Anyone who listened to Trump with a clear mind in the days before Jan. 6 and on that dark day itself heard an incitement to violent rebellion. Yet he and his allies have convinced millions of Americans that what transpired was largely peaceful and merely legitimate political discourse that is being unjustly prosecuted. If the parties were reversed, you can be reasonably sure Trump and Republicans would be calling for the death penalty for those involved in the attempted coup.
Anxiety is growing about efforts to bring Trump to justice on a number of matters. The three-year-long tax fraud investigation of The Trump Organization has stalled under the leadership of the new District Attorney, Alvin Bragg, leading to the protests and resignations of veteran prosecutor-investigators Mark Pomerantz and Carey Dunne, who insist there is ample evidence that crimes were committed. U.S. Attorney General Merrick Garland is either wisely waiting until he has an airtight case to pursue against Trump for the former president’s role in the Jan. 6 insurrection or Garland is dragging his feet until the midterm elections in November when all of this will likely blow over.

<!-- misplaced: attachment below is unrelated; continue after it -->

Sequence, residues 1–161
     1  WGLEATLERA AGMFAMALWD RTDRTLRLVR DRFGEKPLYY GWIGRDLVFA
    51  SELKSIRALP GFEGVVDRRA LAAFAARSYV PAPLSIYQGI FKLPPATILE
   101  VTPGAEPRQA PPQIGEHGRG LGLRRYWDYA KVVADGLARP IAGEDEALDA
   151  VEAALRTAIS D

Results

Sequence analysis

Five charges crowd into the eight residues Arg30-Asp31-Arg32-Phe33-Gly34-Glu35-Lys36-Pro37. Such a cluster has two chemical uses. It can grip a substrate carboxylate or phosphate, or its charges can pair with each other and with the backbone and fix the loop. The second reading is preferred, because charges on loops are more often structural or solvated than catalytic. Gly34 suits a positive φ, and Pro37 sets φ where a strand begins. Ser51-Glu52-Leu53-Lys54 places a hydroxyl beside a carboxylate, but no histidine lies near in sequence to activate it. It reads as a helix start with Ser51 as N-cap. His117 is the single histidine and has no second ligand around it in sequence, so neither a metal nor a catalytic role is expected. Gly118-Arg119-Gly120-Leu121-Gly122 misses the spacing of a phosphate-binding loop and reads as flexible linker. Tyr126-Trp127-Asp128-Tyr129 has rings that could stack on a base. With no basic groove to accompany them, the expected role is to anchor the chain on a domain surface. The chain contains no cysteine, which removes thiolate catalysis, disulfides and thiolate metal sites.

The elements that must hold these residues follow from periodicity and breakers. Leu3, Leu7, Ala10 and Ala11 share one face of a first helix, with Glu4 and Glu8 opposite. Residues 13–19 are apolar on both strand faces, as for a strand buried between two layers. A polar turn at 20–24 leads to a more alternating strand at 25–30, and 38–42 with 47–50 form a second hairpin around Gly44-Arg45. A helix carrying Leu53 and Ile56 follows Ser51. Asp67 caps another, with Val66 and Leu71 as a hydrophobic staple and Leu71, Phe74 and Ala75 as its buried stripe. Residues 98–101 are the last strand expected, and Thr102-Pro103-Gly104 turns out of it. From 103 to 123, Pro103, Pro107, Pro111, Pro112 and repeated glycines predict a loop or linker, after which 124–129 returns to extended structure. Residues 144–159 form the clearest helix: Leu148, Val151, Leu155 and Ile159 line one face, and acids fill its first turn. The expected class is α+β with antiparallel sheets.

It’s widely expected that the GOP will win the House and Senate, and all inquiries into Trump’s nefarious activities such as election interference will cease. If that happens, truth (the real thing) in America will be mortally wounded. There could not be a more fitting murderer than Donald J. Trump.
John Rolfe is a former senior editor for Sports Illustrated for Kids, a longtime columnist for the Poughkeepsie Journal/USA Today Network, and author of The Goose in the Bathroom: Stirring Tales of Family Life. His school bus drivin’ blog “Hellions, Mayhem and Brake Failure” is parked on his website Celestialchuckle.com (https://celestialchuckle.com) with the meter running.